Research Attn: Sue Drummond PO Box 11a Monash University Vic
Phone: (03) 9905 2965 Fax: (03) 9905 2993
Cost: $30 (includes GST and postage)
Downloadable order form available from
In part the summary reads:
"..... From Place to Place investigates the VCE outcomes for Victorian
Year 12 students by school sector and location and the consequences
for university selection. The analysis is based on previously
unpublished records for school leavers applying through the Victorian
Tertiary Admissions Centre (VTAC) for a university or TAFE place in
2001. The key finding is that students in Victorian Government schools
are performing poorly at Year 12 level relative to their counterparts
in the Catholic and other Independent schools. ...... There were also
sharp differences in the achievement of Year 12 students within the
Government schools. The Government schools with the highest ENTER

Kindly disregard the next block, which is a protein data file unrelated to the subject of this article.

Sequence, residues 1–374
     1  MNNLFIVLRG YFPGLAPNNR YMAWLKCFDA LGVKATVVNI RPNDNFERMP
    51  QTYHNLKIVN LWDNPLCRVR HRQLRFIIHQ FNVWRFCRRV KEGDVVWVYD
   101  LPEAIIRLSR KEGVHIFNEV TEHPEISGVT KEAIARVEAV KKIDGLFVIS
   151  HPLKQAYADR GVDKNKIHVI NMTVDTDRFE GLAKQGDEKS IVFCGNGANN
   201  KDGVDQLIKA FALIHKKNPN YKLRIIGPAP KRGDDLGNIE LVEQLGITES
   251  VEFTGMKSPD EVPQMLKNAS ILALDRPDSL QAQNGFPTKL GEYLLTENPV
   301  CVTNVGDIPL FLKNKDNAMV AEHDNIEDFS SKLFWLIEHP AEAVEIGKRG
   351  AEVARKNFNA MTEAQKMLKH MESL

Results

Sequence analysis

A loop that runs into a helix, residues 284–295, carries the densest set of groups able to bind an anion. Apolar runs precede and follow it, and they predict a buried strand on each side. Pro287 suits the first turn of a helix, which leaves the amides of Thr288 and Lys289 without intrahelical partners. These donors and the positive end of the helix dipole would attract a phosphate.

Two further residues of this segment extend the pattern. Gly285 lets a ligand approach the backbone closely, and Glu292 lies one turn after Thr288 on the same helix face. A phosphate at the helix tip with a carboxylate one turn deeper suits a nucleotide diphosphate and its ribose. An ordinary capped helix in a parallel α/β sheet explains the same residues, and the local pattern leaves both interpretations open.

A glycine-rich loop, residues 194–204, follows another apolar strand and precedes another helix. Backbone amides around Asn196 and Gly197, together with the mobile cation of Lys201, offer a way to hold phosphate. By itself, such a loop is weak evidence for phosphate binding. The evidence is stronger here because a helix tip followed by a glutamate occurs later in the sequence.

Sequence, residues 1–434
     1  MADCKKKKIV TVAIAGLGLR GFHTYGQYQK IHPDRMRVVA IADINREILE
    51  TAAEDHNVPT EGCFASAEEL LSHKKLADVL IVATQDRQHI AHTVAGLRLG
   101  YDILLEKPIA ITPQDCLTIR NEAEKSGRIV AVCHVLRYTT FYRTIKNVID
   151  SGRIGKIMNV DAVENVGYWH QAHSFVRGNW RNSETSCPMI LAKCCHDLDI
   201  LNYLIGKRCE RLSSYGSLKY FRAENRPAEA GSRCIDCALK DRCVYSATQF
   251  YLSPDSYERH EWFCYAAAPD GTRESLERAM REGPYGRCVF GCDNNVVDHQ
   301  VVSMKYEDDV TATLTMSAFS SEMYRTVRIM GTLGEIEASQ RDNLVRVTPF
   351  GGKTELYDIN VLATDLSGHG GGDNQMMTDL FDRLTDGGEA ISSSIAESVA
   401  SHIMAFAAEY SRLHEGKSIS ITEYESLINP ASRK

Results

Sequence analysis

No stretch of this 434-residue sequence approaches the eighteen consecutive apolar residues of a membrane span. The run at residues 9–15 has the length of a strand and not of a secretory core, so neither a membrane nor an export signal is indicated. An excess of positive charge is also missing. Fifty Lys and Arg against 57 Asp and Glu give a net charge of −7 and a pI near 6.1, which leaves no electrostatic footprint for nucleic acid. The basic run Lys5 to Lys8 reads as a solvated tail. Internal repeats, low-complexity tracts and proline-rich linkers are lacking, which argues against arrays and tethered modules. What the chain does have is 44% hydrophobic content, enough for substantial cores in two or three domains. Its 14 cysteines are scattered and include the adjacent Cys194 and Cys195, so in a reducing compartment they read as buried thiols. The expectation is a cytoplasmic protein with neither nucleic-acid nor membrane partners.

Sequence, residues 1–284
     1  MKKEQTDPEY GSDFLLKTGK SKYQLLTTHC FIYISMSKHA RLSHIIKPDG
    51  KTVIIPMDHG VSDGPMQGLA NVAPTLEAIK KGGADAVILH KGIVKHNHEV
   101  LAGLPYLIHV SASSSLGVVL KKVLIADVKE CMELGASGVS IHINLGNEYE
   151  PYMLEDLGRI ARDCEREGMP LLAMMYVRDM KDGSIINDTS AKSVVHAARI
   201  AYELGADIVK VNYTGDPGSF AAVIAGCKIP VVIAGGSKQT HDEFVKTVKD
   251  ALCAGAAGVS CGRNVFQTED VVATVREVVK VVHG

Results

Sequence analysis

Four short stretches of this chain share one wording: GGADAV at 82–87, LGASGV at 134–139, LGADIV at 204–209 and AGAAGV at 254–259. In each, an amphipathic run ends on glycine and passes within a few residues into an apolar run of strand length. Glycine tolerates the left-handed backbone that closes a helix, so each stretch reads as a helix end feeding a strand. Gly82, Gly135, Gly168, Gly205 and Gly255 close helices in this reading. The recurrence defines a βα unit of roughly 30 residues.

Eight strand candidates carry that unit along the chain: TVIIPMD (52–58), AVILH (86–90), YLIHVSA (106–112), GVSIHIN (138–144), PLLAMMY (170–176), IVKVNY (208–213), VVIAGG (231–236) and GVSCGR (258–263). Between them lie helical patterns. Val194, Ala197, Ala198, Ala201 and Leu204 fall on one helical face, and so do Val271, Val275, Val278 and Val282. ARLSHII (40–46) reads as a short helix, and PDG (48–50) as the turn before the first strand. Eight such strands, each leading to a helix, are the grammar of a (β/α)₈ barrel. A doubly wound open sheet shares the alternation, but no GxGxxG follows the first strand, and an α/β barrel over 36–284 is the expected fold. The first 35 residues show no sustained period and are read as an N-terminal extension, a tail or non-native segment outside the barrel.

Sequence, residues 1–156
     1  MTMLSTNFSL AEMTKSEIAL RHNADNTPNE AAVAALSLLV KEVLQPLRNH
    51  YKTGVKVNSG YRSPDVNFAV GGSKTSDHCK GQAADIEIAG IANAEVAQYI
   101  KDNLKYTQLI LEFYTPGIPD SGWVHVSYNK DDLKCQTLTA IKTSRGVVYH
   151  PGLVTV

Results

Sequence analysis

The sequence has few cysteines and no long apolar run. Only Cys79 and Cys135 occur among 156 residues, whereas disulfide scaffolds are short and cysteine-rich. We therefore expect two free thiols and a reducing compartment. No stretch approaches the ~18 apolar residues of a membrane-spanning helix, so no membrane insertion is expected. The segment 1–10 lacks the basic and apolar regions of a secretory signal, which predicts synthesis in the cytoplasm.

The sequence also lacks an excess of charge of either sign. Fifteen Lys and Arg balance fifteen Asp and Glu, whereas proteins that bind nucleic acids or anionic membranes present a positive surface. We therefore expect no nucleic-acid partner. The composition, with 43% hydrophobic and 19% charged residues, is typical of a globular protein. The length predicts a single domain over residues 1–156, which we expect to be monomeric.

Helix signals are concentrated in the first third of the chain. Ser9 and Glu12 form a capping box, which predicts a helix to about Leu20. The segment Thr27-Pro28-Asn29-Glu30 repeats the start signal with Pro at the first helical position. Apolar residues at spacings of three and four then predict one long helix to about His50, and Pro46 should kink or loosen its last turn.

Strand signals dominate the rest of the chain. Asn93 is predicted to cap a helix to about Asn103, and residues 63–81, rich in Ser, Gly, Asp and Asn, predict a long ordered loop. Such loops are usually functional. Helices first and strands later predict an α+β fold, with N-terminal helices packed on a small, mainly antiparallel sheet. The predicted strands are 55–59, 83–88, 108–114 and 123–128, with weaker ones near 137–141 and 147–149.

performance were concentrated in inner city and some Eastern suburban
locations. By contrast, the Year 12 performance of students enrolled
in Government schools elsewhere in Melbourne and parts of regional
Victoria was relatively poor. For this study, schools in Melbourne
were categorised into high, middle and low socio-economic status (SES)
areas according to the characteristics of their location. .....
.... High-SES metropolitan areas were also the locations of almost all
the high performance Catholic and Independent metropolitan schools.
....there is a serious and growing divide in Year 12 performance
levels between the schools located in inner Melbourne out to the
middle-eastern suburbs and the schools located in the rest of city.
Families who live in high-SES areas of Melbourne have a double
advantage when it comes to educational opportunity. If they do wish to